American authorities are probing ties between Glencore GLNCY 3.01% PLC and an Israeli diamond merchant, according to people familiar with the matter, embroiling the mining giant in foreign and U.S. investigators’ deepening scrutiny of the gem trader.
On Tuesday, London-listed Glencore said it received a subpoena from the U.S. Department of Justice, demanding records related to its compliance with American antibribery and money-laundering laws in the Democratic Republic of Congo, Nigeria and Venezuela.
Glencore didn’t provide details and declined to comment more broadly on the subpoena.
In Congo, U.S. investigators are focused, at least in part, on Glencore’s ties with Dan Gertler, the diamond merchant and a former co-investor with Glencore in two Congolese mining operations, according to the people familiar with the situation. A spokeswoman for the Justice Department declined to comment on the probe.
In December, the U.S. Treasury Department sanctioned Mr. Gertler, alleging he traded on a friendship with Congo President Joseph Kabila to amass a fortune through “opaque and corrupt” deals on behalf of multinational companies seeking to do business in Congo. Mr. Gertler has repeatedly denied wrongdoing. Through a spokesman, he has declined to comment on the Treasury allegations and the Justice Department probe.
Apart from Glencore’s previous investments with Mr. Gertler in Congo, the company has said it is paying him royalties stemming from the mining operations. A company linked to Mr. Gertler also provided a host of services to at least one of Glencore’s subsidiaries in Congo, according to a contract between the two reviewed by The Wall Street Journal.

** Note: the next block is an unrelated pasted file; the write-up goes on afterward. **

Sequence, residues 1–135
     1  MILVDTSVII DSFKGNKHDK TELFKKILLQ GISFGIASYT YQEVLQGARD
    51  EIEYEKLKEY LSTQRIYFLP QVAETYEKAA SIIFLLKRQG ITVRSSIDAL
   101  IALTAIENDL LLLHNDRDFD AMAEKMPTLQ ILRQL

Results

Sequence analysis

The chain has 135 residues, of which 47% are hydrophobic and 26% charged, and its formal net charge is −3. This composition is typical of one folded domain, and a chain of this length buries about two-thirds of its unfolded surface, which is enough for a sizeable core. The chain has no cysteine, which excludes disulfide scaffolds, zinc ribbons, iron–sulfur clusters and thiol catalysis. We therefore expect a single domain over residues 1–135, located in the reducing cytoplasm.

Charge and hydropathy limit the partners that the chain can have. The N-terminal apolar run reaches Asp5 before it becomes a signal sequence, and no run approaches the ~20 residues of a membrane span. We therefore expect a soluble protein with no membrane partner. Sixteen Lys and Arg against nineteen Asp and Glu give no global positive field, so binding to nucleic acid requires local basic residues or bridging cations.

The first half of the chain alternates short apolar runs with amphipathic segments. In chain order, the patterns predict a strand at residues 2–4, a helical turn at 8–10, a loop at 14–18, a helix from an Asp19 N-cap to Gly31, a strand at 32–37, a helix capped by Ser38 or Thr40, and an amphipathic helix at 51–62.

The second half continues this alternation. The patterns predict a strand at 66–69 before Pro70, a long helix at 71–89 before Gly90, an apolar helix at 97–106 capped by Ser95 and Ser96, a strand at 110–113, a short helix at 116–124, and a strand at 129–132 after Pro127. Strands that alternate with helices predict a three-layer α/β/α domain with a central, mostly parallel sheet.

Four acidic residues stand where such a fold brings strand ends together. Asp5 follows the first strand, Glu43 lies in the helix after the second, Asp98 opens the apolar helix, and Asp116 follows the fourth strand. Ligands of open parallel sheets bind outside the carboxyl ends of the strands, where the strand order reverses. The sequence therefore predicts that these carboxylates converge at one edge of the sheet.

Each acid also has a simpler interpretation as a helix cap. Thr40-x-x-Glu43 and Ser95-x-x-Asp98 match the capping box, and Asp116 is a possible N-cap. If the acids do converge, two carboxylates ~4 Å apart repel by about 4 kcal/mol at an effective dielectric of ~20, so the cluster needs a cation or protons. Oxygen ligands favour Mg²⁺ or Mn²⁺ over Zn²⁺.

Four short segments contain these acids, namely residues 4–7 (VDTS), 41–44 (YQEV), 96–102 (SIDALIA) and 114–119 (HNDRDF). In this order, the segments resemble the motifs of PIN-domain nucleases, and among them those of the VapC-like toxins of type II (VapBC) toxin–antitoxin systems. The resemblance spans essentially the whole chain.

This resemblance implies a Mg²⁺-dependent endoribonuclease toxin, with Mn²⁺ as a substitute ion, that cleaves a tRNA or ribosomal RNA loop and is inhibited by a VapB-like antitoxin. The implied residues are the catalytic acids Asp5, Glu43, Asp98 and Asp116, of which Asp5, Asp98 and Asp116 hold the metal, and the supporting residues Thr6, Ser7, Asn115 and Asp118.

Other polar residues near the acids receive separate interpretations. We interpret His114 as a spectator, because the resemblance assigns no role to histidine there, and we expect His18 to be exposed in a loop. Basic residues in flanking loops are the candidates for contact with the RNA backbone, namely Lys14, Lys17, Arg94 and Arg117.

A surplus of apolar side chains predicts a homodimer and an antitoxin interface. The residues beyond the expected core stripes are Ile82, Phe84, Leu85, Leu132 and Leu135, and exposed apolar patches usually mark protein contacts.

Those services included maintaining relations with several local government offices, including the country’s presidency and its mining ministry, according to the contract. The business relationship between Glencore’s Congo operation and the Gertler-linked company hasn’t been previously disclosed. Through his spokesman, Mr. Gertler declined to comment about the contract.
Glencore is one of just a few big Western miners that have positioned themselves to profit from Congo’s copper and cobalt deposits. The country sits on about 60% of the world’s known cobalt reserves. Prices for the metal, a component in cellphone and electronic-vehicle batteries, have soared on rising demand.
Mr. Gertler became a partner with Glencore in the 2000s as the two tried to gain a stake in the country’s lucrative copper belt. Glencore and Mr. Gertler separately bought shares of Nikanor PLC, a company listed in London that owned a large copper mine there.
To expand, Nikanor’s owners, including Glencore, sought to merge with another Congo mining company, Toronto-listed Katanga Mining Ltd. A tie-up between Katanga and Nikanor was sealed in January 2008, creating one of Congo’s largest copper-mining companies.
In 2013, a subsidiary of Glencore-controlled Katanga Mining hired the Gertler-linked firm, De Novo Congo SPRL, according to the contract reviewed by the Journal. The contract was signed by Pieter Deboutte, which the document lists as De Novo’s manager. Mr. Deboutte also managed Mr. Gertler’s business in Congo.
Mr. Deboutte, who also served as president of the Gertler Family Trust, a charity in Congo, was sanctioned along with Mr. Gertler by the Treasury Department in December. Through a spokesman, Mr. Deboutte declined to comment.
The contract listed De Novo’s address in the Congo capital of Kinshasa, an address it shared with Fleurette Group, Mr. Gertler’s main company.